15 Facts About National Novel Writing Month

by Alicia Sparks on November 1, 2011

It’s November 1 and, as all most some writers know, the beginning of National Novel Writing Month.

*cricketschirping*

National Novel Writing Month, often referred to as NaNoWriMo or simply NaNo, takes place every November and, simply put, the goal is for participants to complete a 50,000-word novel from scratch between November 1 and November 30.

Basically, NaNoWriMo acts as a swift kick in the ass for those of us who, well, need a swift kick in the ass.

If this is your first year participating in NaNoWriMo, or your first in a few, take a second to check out the 15 items below. They don’t make up an all-inclusive list, but they do highlight some of the main points that will help you get the keyboard clackin’.

  1. Despite its name, the official National Novel Writing Month event is open to every writer, no matter where he or she lives.
  2. To participate in NaNoWriMo, you don’t have to have an account, but it’s fun. For example, signing up will give you access to helpful tools as well as make you eligible for the Winner’s Page if you finish the 50,000 words by midnight, November 1. Plus, you’ll get a winner’s certificate and a Web badge to show off.
  3. You can’t have a writing partner. NaNoWriMo doesn’t allow co-writing.
  4. You must write the novel from scratch. That means you can’t drag out that work-in-progress you haven’t touched in three years and use it as your NaNoWriMo launching page. (Well, you can, but it won’t officially count as a NaNoWriMo effort; it’ll just be you using November to work on your WIP.)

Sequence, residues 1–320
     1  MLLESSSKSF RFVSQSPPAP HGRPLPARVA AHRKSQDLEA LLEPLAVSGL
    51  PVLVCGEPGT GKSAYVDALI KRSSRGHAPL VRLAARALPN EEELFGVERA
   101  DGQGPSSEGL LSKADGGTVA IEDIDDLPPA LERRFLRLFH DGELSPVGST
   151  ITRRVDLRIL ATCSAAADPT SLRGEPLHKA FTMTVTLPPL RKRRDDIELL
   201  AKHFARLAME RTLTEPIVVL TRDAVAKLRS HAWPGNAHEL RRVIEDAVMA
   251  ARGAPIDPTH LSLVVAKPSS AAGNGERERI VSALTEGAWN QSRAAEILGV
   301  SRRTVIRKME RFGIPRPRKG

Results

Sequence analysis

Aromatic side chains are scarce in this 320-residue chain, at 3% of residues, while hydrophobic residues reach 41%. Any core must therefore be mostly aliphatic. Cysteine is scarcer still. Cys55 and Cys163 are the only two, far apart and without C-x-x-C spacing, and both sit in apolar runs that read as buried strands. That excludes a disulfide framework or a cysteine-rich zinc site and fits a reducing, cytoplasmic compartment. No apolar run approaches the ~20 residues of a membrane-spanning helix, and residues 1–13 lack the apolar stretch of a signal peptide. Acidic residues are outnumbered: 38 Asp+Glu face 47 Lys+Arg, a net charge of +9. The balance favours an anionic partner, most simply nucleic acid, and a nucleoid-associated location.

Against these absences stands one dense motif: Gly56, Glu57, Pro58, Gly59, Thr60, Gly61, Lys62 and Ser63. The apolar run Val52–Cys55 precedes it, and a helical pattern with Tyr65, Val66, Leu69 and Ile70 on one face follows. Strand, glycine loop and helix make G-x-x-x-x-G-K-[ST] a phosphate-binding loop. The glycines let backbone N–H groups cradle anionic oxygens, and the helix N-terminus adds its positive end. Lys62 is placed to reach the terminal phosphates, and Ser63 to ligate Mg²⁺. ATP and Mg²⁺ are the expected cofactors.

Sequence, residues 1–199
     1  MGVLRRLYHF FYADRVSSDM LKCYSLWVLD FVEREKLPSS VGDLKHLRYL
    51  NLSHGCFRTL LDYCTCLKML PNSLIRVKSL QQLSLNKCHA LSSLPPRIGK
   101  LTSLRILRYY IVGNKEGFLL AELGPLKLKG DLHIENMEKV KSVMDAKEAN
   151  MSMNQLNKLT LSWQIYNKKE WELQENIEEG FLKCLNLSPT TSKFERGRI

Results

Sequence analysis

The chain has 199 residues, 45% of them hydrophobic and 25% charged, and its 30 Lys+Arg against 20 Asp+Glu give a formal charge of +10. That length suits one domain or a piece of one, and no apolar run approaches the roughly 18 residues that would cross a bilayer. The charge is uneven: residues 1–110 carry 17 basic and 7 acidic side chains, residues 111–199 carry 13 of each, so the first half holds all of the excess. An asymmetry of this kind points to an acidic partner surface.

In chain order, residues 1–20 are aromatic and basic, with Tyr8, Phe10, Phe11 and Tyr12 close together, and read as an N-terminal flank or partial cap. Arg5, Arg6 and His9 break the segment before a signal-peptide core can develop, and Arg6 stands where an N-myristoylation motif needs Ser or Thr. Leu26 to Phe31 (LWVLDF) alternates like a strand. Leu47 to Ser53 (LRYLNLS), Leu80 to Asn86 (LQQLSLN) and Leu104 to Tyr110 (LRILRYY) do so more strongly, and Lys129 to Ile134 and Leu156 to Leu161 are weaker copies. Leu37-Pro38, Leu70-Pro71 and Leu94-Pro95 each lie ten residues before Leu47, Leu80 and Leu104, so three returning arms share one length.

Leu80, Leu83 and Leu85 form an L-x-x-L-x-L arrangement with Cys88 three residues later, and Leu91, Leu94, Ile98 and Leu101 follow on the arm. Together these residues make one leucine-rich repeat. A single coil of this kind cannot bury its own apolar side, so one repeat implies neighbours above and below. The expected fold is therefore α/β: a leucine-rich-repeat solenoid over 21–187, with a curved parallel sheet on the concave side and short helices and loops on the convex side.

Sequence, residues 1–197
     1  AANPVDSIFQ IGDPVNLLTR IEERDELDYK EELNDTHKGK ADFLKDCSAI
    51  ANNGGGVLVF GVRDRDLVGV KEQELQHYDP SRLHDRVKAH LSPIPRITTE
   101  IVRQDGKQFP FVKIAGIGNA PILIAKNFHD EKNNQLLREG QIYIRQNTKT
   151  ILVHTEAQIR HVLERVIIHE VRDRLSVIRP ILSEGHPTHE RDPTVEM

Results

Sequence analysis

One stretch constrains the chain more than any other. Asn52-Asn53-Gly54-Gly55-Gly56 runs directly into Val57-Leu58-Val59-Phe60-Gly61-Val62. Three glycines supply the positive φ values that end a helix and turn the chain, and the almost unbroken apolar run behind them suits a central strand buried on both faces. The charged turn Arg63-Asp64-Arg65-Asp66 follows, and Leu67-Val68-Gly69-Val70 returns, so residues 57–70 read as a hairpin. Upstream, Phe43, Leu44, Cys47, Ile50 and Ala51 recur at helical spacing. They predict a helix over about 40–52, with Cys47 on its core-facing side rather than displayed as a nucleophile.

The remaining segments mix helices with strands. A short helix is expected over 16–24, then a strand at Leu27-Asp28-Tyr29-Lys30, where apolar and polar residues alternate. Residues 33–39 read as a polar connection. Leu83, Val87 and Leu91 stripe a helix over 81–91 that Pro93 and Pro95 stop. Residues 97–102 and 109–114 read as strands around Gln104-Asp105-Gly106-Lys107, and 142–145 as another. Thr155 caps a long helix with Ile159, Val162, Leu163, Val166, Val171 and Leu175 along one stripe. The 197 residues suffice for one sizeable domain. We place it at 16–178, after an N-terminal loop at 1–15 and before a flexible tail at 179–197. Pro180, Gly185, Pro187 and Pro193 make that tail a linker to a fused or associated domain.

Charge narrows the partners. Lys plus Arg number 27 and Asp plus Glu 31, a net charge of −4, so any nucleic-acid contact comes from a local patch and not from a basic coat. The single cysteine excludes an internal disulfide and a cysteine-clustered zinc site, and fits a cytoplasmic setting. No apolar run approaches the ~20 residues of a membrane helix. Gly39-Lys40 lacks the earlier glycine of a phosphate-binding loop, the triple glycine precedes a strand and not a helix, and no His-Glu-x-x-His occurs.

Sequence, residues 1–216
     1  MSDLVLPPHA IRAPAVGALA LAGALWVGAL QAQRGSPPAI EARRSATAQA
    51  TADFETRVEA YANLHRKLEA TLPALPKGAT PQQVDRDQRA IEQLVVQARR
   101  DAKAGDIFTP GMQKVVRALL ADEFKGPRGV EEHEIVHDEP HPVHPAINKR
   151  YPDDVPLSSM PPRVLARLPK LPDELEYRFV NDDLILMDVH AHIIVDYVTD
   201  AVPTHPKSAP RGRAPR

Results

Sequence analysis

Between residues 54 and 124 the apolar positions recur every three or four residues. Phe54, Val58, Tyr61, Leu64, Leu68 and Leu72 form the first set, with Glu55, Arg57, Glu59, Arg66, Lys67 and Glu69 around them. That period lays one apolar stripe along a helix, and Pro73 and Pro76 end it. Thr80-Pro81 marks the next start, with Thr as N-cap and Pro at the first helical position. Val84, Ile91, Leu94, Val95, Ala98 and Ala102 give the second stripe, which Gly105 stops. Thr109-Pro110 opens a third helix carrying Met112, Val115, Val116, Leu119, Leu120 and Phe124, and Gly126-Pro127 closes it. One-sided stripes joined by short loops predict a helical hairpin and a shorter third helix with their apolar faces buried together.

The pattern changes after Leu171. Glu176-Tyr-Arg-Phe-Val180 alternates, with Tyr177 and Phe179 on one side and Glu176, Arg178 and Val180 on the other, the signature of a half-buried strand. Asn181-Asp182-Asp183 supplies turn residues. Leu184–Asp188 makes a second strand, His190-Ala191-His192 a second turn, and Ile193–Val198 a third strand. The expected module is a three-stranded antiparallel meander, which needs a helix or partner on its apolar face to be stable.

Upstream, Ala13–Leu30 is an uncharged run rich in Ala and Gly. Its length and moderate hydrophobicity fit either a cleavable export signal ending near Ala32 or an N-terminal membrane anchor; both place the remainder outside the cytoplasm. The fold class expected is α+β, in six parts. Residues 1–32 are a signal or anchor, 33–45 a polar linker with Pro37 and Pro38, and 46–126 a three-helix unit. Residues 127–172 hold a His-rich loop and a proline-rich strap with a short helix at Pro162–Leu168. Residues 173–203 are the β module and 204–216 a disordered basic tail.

5. Fortunately, you can use an outline.
  6. 50,000 words between November 1 and November 30 breaks down to roughly 1,667 words a day (if you write on weekends, too). Plan accordingly.
  7. You don’t have to stop at 50,000 words; you just have to make it to 50,000 words.
  8. Once you do hit the 50,000-word mark, you can upload it (this is another reason having an account is handy) between November 25 and November 30 for validation.
  9. Understand that you will produce some, if not a lot of, crap. Embrace it and don’t let it slow you down. There’ll be plenty of time for editing come December.
  10. Go ahead and charge through writer’s block. Remember: You can edit to your little heart’s content once it’s over.
  11. If you need a quiet place to write after work, or need a change in scenery (if you’re a writer who works from home), check to see if one of your local libraries or independent bookstores sponsors a Come Write In.
  12. Stay on top of the game (and maybe brag to others? muahaha) with fun little tools like word count widgets.
  13. Save your work in multiple places. I don’t think this needs further explanation.
  14. Take advantage of social media. You can like the NaNoWriMo Facebook, follow @NaNoWriMo and @NaNoWordSprints, and use the #NaNoWriMo hashtag to mingle with other writers.
  15. Even if you aren’t into typical social sites, you aren’t alone in this! Visit the official website, www.nanowrimo.org and talk with others in the forums or sign up for the pep talks. You can even see if participants in your area want to meet up and write or just swap horror stories.

Now, go have fun!

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